CORRECTED HEADLINE — Wizards are eliminated from the postseason.
Against the New York Knicks, head coach Wes Unseld Jr. and the Washington Wizards gave a nearly perfect clinic on how to tank.
They sat veterans with various aches and pains, including Bradley Beal, Kristaps Porzingis, Kyle Kuzma and Monte Morris — four of their usual five starters. They played the kids (more on that in a moment), even giving rookie Johnny Davis his first start. They put on what Knicks broadcaster Mike Breen called a “scrappy” first half.
And then, they got their doors blown off in the second half until a garbage time run brought the final margin down to a respectable nine points. Oh yeah, the Knicks also clinched their spot in the playoffs with the win.
Why wasn’t it perfect? The big thing was 17 minutes for 37-year old Taj Gibson. Sure, it was kinda fun watching him hit 4-5 from three-point range against his friends in New York, but those minutes — as well as those given to Anthony Gill — could have been given to a player whose age starts with a 2.
Also, I can’t think of a single reason Kendrick Nunn should have gotten 13 minutes of playing time.
I’m ambivalent about the 32 minutes given to Delon Wright. On one hand, Wright’s 30 years old and doesn’t need the minutes. On the other, competent veteran point guard play can help youngsters run the offense, and Wright’s someone who provides correction and accountability when there’s a missed assignment.
The veteran experience showed when Wright consistently found Kispert at the three-point line whenever the team was in transition. He played a key role in Kispert’s second consecutive career high scoring night.
On a third hand, it probably wouldn’t have hurt to beef up Jordan Goodwin’s playing time beyond the 25 minutes he got.
- Kispert added some twos to his usual diet of threes. He shot 6-8 from closer to the basket, and 4-11 from three to set a new career high with 29 points.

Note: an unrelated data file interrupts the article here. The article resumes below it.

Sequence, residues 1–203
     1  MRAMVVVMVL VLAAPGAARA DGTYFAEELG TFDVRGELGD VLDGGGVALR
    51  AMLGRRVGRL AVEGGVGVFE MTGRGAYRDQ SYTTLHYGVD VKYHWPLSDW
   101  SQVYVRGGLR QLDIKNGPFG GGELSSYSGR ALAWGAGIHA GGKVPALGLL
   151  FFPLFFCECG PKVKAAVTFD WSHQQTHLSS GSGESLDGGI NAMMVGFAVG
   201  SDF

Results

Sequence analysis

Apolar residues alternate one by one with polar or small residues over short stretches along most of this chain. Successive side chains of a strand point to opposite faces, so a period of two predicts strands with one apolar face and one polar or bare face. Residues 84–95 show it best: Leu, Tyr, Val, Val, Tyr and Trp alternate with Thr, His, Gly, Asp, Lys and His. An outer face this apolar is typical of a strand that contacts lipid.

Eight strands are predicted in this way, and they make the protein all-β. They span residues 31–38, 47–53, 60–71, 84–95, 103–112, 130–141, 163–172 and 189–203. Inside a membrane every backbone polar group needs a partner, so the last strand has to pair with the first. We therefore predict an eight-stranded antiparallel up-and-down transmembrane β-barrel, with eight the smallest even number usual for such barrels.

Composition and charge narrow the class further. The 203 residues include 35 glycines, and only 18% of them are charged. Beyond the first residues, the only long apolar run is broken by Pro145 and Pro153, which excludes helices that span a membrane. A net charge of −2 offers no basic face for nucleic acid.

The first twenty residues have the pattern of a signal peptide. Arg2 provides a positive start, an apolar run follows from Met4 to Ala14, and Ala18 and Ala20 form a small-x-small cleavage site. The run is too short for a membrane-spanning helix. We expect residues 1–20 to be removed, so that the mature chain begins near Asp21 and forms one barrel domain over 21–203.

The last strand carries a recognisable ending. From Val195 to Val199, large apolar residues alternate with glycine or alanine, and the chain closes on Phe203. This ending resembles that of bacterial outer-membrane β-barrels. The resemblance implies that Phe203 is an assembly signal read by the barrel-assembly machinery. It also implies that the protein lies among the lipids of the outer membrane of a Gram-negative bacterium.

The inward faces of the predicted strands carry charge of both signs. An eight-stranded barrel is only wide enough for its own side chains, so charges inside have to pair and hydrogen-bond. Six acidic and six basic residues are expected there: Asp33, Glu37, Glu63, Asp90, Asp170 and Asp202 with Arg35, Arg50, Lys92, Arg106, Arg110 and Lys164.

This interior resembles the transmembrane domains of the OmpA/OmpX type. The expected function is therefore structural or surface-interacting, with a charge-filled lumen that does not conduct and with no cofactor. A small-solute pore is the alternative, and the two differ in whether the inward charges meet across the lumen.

- Jordan Goodwin had a strong all-around game — 11 points, 7 rebounds (including 3 offensive boards), 6 assists, a steal and no turnovers.
- Wright shot poorly (just 3-9 with 1 three), but he had 5 rebounds, 7 assists and 4 steals.
- Johnny Davis wasn’t bad in his first start — 16 points, 6 rebounds, 3 assists. He had some solid defensive possessions, and the team defense was at its best when he was on the floor. He also hit a couple threes (though his form still looks janky to me).
- The Wizards found some success trapping the ball handler in pick and roll. It’s something opposing teams have been doing to Jalen Brunson and the Knicks, especially with Julius Randle sidelined. The Wizards, though, have typically used drop coverage with a modest mix of switches and (rarer) traps. This was the best I’ve seen Gafford look recovering to the paint once the pass came out of the double-team — at least for a half.
Not So Good Stuff
- Deni Avdija was atrocious for a second straight game. He committed 8 turnovers, including 2 offensive fouls, losing the ball in traffic and an array of terrible passes. With both teams shooting well, the difference in this one was turnovers — Washington totaled 18 to New York’s 11. Bright side: Avdija hit a three and had 3 steals.